In the last post, I presented a comparison of different ways of doing prediction. A natural follow-up question is whether or not there are even better functions? I observed in the last post that a straight line performs better than the logistic function which has a downward hump. A natural set of functions to explore then has an upwards hump. First let’s plot the two probability functions from the previous post along with several new ones (note the color scheme is different):

Even more link probability functions

It’s worth mentioning that I’ve parameterized them in such a way so as to ensure that the endpoints all line up. Let’s describe them and see how well they do:

Function | Label | Predictive Likelihood |

-11.4085 | ||

… | -11.402 | |

… | -11.4003 | |

threshold | -11.7929 | |

-11.3968 | ||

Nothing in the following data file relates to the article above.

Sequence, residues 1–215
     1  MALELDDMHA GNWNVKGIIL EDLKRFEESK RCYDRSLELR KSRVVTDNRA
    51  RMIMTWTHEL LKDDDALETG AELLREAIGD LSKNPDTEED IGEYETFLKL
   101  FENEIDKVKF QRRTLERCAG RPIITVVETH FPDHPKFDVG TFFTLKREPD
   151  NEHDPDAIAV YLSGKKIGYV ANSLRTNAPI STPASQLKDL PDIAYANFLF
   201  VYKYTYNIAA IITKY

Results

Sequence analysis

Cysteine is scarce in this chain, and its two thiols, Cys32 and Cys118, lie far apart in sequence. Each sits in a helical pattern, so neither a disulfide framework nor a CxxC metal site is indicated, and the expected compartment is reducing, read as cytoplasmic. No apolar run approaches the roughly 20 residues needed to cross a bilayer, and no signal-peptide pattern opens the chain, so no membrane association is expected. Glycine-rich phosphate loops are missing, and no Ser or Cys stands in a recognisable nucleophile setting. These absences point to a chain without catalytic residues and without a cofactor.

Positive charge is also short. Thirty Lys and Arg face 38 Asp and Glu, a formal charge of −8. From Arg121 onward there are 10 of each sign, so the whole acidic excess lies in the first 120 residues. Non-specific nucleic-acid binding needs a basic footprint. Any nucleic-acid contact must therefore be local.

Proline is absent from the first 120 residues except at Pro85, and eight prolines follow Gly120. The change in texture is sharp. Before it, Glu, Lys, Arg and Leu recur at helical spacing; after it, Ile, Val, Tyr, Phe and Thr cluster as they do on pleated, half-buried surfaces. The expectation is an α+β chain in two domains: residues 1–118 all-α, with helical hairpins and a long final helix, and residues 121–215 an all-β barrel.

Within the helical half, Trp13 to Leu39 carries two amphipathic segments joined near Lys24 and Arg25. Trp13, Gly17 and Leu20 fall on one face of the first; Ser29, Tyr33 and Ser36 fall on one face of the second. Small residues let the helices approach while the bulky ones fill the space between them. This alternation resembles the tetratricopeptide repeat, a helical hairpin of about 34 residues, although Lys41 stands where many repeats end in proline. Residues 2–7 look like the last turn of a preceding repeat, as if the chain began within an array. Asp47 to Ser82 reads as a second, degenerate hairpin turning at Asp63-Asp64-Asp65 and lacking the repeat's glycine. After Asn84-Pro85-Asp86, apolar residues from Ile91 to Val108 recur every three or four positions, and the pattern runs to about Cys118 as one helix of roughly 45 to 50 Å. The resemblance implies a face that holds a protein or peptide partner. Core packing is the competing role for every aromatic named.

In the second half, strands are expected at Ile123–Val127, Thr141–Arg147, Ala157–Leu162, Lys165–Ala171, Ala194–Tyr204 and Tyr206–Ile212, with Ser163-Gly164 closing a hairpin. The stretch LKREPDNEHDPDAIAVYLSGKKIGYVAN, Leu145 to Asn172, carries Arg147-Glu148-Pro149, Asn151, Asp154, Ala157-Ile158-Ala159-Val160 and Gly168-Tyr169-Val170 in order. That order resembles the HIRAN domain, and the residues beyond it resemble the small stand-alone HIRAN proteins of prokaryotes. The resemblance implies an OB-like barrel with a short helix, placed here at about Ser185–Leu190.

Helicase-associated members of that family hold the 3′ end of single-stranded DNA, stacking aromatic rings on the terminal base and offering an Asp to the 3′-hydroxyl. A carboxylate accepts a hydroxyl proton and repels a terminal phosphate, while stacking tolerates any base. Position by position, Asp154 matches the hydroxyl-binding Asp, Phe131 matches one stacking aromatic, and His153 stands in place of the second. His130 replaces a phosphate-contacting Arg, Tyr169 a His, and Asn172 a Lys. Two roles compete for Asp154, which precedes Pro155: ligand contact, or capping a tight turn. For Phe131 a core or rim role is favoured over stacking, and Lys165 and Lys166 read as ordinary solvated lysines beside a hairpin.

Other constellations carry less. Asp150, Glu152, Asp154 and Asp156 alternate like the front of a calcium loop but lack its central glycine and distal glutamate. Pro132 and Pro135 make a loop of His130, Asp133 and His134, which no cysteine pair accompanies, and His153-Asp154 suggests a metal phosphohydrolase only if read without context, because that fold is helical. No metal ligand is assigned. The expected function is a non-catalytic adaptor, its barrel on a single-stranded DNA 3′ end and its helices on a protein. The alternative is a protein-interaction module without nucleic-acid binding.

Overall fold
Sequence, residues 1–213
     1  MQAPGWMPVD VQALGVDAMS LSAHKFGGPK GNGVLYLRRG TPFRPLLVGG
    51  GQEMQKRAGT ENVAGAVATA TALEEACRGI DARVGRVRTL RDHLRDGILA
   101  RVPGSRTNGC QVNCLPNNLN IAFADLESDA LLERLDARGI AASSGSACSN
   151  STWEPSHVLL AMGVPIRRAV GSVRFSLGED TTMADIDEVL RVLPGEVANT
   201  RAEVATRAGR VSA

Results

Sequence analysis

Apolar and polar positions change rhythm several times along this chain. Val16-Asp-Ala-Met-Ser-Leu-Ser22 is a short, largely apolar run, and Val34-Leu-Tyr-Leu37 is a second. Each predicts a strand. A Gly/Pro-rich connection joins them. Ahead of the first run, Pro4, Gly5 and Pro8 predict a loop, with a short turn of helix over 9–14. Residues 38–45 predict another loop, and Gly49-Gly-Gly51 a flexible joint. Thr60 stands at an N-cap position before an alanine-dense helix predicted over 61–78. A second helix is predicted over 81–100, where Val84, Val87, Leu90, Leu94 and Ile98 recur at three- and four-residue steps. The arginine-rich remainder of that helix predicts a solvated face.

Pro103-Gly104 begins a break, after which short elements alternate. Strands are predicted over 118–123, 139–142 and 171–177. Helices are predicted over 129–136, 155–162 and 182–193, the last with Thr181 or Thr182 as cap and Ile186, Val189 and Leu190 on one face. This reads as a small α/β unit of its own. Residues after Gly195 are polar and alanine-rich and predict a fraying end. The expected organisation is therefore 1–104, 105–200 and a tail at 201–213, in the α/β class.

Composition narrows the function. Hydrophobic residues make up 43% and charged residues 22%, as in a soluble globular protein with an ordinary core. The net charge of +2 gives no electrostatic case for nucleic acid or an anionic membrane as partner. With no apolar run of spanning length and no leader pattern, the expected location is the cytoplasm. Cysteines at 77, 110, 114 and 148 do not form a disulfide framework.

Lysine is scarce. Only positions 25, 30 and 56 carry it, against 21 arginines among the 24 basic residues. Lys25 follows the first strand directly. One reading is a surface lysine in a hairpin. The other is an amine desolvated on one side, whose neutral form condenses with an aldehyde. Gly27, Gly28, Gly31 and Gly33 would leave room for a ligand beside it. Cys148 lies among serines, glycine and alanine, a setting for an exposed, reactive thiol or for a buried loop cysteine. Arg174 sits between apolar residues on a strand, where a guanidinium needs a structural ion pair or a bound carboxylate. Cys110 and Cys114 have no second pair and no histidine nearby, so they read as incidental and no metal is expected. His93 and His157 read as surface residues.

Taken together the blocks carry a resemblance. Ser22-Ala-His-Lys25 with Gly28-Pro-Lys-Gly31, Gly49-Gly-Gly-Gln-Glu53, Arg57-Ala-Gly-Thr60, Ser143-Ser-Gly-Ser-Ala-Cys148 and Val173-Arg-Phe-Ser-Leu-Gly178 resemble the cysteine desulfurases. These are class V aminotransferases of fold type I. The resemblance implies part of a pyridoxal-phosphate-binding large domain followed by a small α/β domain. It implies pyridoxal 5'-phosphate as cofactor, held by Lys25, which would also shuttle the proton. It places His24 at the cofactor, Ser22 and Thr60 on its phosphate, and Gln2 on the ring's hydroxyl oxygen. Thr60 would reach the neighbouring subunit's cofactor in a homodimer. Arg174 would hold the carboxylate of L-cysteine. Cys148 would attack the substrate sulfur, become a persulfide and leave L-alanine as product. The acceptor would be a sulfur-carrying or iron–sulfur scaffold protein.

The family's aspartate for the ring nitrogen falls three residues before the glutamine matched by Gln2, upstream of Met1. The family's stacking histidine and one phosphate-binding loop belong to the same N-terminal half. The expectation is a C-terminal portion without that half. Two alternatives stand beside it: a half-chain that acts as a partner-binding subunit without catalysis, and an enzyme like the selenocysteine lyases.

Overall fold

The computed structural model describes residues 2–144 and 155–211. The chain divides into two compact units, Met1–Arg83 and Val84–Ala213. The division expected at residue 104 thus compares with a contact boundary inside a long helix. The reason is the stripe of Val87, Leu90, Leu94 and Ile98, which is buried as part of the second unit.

-11.4704 | ||

-11.3747 |

As it happens, we actually do better by making the hump protrude upwards (i.e., making the function concave.). and both perform better than the previously proposed functions; is easy since it has a simple quadratic form. In other words, it could be a second approximation of *something*, but of what? does a little bit better than that. Maybe we’re looking a posterior normality of log likelihoods? If I knew the answer to this question, I think I’d be able to get a grip on a function which is actually justifiably better…